Gazing across the valley of the Wailua River and its Nani Kaua Pond, you see the gold-leafed domes of Indian design shimmering in the sunlight, with majestic Mount Waialeale in the background. You are beholding the towers of Iraivan Temple, a pure and powerful white granite wonderment carved in India by hand and erected ten thousand miles away on this Garden Island by India’s master stonemasons.
This is the crown jewel of Kauai’s Hindu Monastery, being constructed first and foremost as a destination for devotees on annual pilgrimage. Hindus revere a sanctified edifice like Iraivan not only as a temple, but as the very body of God. Iraivan is an ancient Tamil word for God, meaning “He who is worshiped.” This temple was inspired by a series of mystical visions of Siva that came to Gurudeva early in the morning of February 15, 1975, in which he saw Lord Siva seated on a large boulder that was later discovered on the then overgrown property. These visions inspired him to begin this exquisite temple, unlike any in the world. Since that day, pujas have been held daily at that swayambhu (self-created) Lingam (mark of God), which will one day be sheltered within an elegant open-air pavilion.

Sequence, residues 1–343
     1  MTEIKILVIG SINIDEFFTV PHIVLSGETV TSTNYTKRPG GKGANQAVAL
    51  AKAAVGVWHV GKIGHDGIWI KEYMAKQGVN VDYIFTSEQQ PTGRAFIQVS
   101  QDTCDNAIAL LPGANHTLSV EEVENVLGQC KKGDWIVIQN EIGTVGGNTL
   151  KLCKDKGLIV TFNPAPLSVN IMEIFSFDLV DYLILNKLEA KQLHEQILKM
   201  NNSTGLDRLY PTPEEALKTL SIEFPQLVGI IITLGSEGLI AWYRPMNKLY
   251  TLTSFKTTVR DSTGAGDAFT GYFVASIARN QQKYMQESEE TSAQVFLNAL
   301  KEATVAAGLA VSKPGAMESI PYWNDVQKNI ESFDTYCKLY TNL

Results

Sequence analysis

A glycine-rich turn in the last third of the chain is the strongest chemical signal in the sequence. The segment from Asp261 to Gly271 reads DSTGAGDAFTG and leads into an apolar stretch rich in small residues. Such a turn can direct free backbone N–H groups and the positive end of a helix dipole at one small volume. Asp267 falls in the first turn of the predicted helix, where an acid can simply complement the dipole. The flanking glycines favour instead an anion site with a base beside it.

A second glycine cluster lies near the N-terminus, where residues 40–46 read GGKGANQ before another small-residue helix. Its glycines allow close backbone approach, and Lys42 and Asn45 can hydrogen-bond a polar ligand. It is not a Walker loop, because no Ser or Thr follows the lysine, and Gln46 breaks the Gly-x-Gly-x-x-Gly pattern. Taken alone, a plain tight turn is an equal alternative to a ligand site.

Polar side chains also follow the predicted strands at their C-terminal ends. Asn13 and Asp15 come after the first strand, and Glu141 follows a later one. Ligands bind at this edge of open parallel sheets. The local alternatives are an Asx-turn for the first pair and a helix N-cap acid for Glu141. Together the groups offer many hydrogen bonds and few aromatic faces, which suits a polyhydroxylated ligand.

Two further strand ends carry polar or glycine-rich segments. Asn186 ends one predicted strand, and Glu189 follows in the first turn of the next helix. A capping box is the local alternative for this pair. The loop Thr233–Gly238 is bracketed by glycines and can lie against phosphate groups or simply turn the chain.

Iraivan Temple’s Pillars
Gurudeva decreed that the temple be “a library in stone,” and had 24 of the pillars carved with sacred and cultural symbols. At the bottom are 24 of the traditional forms of God Siva. In the middle are depicted cultural and philosophical images. The top of each pillar has sacred symbols and plants, half from India and half from Hawaii. The pillars have much to teach about our spiritual tradition. Visit our web app, “The Pillars of Iraivan” to learn of the mystical symbolism carved upon each one.